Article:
New York’s Carlton Hotel, located on Madison Avenue & 29th Street, has just renovated a number of their suites to attract high rollers. Its penthouse suite has a Texas-sized biggest pool. The late Minnesota Fats would be proud.

At the annual International Hotel, Motel & Restaurant Show held at the Javits Center last week, the two major satellite television providers, DIRECTV and DISH Network, were competing for the business of lodging chains. The former was promoting its NFL Sunday Ticket package that allows a viewer to see every out-of-market game while the latter was playing up its extensive movie library.

Posted under Abraham Lincoln, Baseball Writers Association Of America, Bbwaa, Best Sellers List, Contract Negotiations, Cy Young, Cy Young Award, Decent Team, Dream Season, Gil Hodges, Indiana Pacers, Knuckleball Pitcher, Lance Stephenson, Lloyd Carroll, Madison Square Garden, Mets Fans, New York Mets, New York Times Best Sellers, New York Times Best Sellers List, Paperback Release, Ra Dickey, Top Story

Johan’s Masterpiece Is For All Of Met Nation

Somewhere in the great sports bar in the sky, Tug McGraw is screaming, “Ya Gotta Believe!” Gary Carter is acting like a maniac. Gil Hodges is nodding silently in approval.

And Casey Stengel is rubbing his leathery face, winking his eye and uttering, “Amazin’!”

When all is said and done, this was just a regular season game. One that put the Mets six games over the .500 mark, helping them to continue on with their surprising 2012.

Yet, this game meant more than that. This was the Mets last ghost exorcized. With 8,019 games played and no no-nos, you had to wonder if this was ever going to happen. The no-hitter is one of the hardest accomplishments in baseball, but with the slew of great pitchers that have come through the Met organization, just by sheer luck, someone would have thrown one by now.

On game 8,020 it happened. Johan Santana’s no-hitter gave the Flushing Faithful a moment in Mets history that will last a lifetime. This was the Miracle Mets, Game 6, and the Grand Slam Single. This was a moment you shared with your children or called your father as it was happening.

And just like those other great events in Mets history, you will remember where you were years from now and will share it with your children and grandchildren when other Mets throw their no-hitters.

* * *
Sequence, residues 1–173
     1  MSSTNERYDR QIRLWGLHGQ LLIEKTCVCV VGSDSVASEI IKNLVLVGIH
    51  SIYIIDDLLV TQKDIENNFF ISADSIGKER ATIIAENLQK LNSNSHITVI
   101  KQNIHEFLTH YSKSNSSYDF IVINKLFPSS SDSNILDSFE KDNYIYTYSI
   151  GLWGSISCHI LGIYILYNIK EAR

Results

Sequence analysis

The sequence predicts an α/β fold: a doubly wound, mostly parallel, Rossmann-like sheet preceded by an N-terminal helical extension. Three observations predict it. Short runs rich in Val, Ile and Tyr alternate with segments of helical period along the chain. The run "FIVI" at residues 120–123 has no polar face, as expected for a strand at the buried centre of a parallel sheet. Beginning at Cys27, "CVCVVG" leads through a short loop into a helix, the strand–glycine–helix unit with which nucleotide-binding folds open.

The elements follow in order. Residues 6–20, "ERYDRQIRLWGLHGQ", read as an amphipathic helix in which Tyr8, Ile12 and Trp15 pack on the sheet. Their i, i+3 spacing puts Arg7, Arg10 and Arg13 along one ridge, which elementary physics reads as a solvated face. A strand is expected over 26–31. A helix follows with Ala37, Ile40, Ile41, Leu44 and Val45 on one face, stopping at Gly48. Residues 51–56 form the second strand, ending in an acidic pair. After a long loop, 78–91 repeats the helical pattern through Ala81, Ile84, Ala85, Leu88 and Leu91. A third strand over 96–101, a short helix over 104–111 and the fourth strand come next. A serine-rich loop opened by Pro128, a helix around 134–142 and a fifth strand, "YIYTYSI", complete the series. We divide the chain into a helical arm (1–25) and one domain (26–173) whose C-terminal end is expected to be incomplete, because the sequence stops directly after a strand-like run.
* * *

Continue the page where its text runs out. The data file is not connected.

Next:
It’s the type of event that binds Met fans together. Disillusioned over the past few seasons, this one game will probably bring back the fans, hoping that another glimpse of history will happen at Citi Field.

And if it wasn’t Tom Seaver or Doc Gooden or Jerry Koosman, it is perfect that Santana is the one to break the curse.

“Short of Tom Seaver, I can’t think of a better person to pitch the first one,” said third baseman David Wright. “The type of guy he is, the type of person he is, and what he’s been through last year – to come back and have that type of performance, that’s incredible and was glad to be a part of that. … I am thrilled I could be a part of it. It couldn’t happen to a better guy.

“It’s just an amazing story. I can let you know firsthand. I was there with him in Florida throughout some of his rehab last year. The work he put in, the time he put in to get himself back to this point. I thought his last start was special, but this start was just…I guess once every 51 years.”

When the Mets acquired Santana in 2008, he was supposed to lead the team back to the playoffs. It hasn’t happened yet. His shoulder surgery was supposed to end his career or at least make him a shell of his former self.

Instead, we are seeing the Johan of old – competing every game and fighting against every batter.

Of course like any no-hitter he had help. A fortunate foul ball at third base in the sixth and then a miracle-like catch by Mike Baxter, who grew up in the shadow of Shea Stadium,  in the seventh.

After that, you knew that it could happen. However, there were 8,019 reasons to believe the other shoe was going to drop.  But he continued to mow the Cardinals down, one by one until David Freese – last year’s World Series hero – became the answer to a Met trivia question by fishing for the signature changeup for strike three.

All of Met Nation rose to its feet in almost utter disbelief. Tears were coming out Terry Collins eyes, standing at the dugout just enjoying the moment, as the Mets celebrated on the field.

And the same cheers came throughout New York. From houses to sports bars a certain relief was felt. You could hear it in the voices of the announcers – Gary Cohen and Howie Rose – Met fans from their youth and the voices of this generation.  And the 27,69 who actually were at the game, went into a frenzy.

Somewhere in the great sports bar in the sky, Bob Murphy is giving his happy recap, while Mrs. Payson was  in her usual seat watching the Mets. Lindsey Nelson was in his sports coat getting reaction from Tommie Agee and Donn Clendenon.

It was a night for all Met fans to celebrate, because on game 8,020 the curse was broken.


Posted under Amazin, Better Person, David Wright, Doc Gooden, Game One, Gil Hodges, Great Sports, Jerry Koosman, Joe Mcdonald, Johan Santana, Leathery Face, New York Mets, Sheer Luck, Six Games, Tom Seaver, Top Story, Tug Mcgraw

This post was written by Joe McDonald on June 2, 2012